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As Russia’s invasion of Ukraine continues unabated, it’s becoming a test case for the role of technology in modern warfare. Destructive software — presumed to be the work of Russian intelligence — has compromised hundreds of computers at Ukrainian government agencies. On the other side, a loose group of hackers has targeted key Russian websites, appearing to bring down webpages for Russia’s largest stock exchange as well as the Russian Foreign Ministry.

AI, too, has been proposed — and is being used — as a way to help decisively turn the tide. As Fortune writes, Ukraine has been using autonomous Turkish-made TB2 drones to drop laser-guided bombs and artillery strikes. Russia’s Lantset drone, which the country reportedly used in Syria and could use in Ukraine, has similar capabilities, enabling it to navigate and crash into preselected targets.

AI hasn’t been consigned strictly to the battlefield. Social media algorithms like TikTok’s have become a central part of the information war, surfacing clips of attacks for millions of people. These algorithms have proven to be a double-edge sword, amplifying misleading content like video game clips doctored to look like on-the-ground footage and bogus livestreams of invading forces.

Meanwhile, Russian troll farms have used AI to generate human faces for fake, propagandist personas on Twitter, Facebook, Instagram, and Telegram. A campaign involving around 40 false accounts was recently identified by Meta, Facebook’s parent company, which said that the accounts mainly posted links to pro-Russia, anti-Ukraine content.


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Some vendors have proposed other uses of the technology, like developing anomaly detection apps for cybersecurity and using natural language processing to identify disinformation. Snorkel AI, a data science platform, has made its services available for free to “support federal efforts” to “analyze signals and adversary communications, identify high-value information, and use it to guide diplomacy and decision-making,” among other use cases.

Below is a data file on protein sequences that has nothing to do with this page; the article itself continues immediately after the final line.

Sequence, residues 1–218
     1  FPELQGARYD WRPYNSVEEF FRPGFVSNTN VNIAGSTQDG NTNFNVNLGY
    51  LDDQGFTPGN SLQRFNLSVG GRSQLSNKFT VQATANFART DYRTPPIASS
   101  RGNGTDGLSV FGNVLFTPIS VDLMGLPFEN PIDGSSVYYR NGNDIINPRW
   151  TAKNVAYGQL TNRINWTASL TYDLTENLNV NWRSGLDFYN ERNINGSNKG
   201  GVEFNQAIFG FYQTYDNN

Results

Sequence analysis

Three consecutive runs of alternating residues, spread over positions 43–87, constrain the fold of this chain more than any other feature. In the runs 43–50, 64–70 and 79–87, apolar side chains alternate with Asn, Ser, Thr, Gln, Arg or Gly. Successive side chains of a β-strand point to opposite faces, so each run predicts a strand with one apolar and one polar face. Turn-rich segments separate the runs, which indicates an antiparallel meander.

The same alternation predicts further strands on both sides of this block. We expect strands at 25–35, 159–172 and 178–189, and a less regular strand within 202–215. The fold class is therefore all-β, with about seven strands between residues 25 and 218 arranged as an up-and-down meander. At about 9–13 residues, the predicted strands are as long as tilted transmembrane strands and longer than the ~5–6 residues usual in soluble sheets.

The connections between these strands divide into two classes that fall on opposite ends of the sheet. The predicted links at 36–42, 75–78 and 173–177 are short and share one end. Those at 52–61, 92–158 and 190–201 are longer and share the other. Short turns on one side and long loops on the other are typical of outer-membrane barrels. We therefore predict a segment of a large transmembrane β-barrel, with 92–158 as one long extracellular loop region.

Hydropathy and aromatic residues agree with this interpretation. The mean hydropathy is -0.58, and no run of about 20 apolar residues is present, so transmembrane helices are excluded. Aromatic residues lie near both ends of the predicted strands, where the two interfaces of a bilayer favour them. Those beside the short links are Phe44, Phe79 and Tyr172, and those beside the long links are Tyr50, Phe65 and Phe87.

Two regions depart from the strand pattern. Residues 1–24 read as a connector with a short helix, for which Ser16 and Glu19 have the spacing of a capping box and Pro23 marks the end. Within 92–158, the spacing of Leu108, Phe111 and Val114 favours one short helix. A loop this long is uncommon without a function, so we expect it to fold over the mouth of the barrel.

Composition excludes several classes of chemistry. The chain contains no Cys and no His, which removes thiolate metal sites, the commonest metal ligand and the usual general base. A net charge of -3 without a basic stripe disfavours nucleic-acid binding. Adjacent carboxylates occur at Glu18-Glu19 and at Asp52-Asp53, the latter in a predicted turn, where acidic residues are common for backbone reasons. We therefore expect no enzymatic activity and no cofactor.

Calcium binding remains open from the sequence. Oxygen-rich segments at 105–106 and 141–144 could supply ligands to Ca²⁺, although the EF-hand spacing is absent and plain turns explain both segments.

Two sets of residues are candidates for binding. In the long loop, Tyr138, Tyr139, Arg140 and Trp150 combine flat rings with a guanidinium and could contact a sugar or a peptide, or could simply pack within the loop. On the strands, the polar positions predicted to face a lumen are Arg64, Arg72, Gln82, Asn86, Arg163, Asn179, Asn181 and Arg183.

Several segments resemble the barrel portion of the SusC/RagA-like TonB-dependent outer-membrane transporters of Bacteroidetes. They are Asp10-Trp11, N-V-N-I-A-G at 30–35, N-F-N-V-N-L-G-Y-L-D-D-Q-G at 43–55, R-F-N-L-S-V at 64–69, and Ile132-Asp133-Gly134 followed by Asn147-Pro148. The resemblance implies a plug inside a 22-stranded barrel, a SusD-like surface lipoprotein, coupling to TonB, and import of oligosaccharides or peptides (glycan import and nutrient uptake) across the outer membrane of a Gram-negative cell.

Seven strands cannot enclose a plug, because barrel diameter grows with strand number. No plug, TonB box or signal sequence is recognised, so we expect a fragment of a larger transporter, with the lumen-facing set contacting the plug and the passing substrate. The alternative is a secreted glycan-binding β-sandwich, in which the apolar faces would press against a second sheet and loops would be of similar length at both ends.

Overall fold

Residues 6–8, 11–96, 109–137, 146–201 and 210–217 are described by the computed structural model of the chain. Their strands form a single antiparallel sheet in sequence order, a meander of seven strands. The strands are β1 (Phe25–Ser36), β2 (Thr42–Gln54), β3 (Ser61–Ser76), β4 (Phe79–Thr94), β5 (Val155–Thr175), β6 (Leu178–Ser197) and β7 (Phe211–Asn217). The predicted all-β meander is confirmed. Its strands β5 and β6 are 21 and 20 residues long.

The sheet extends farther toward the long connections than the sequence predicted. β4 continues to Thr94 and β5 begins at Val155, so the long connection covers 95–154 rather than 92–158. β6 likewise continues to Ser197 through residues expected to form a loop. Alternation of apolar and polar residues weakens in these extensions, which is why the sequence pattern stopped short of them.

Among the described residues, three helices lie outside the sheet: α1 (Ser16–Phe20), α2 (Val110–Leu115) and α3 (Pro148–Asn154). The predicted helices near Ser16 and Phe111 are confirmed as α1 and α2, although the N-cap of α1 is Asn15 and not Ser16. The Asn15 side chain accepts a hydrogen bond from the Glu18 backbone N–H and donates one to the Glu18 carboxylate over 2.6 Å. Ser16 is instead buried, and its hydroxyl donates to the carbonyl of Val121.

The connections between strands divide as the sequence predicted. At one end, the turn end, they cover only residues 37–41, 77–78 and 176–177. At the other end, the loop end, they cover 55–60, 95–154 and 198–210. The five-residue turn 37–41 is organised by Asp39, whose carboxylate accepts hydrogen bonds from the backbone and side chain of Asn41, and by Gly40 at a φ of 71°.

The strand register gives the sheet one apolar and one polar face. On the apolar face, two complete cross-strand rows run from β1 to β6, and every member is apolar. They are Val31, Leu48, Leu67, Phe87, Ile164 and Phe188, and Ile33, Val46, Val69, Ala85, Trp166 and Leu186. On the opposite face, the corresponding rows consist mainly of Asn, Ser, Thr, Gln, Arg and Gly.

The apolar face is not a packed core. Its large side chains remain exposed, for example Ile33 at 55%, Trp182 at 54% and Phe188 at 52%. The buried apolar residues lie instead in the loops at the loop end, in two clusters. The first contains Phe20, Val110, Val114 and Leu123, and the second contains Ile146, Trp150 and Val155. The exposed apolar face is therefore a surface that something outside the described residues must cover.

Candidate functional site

Some in the AI community support the use of the technology to a degree, pointing to AI’s potential to promote cyber defense and denial-of-service attacks, for example. But others decry their application, arguing that it sets a harmful, ethically problematic precedent.

“We urgently must identify the vulnerabilities of today’s machine learning … algorithms, which are now weaponized by cyberwarfare,” wrote Lê Nguyên Hoang, an AI researcher who’s helping to build an open source video recommendation called Tournesol, on Twitter.

Kai-Fu Lee, it would seem, rightly predicted that AI would be the third revolution in warfare, after gunpowder and nuclear weapons. Autonomous weapons are one aspect, but AI also has the potential to scale data analysis, misinformation, and content curation beyond what was possible in major conflicts historically.

As the Brookings Institute points out in a 2018 report, advances in AI are making synthetic media quick, cheap, and easy to produce. AI audio and video disinformation — “deepfakes” — are already available through apps like Face2Face, which allows for one person’s expressions to be mapped onto another face in a video. Other tools can manipulate media of any world leader, or even synthesize street scenes to appear in a different environment.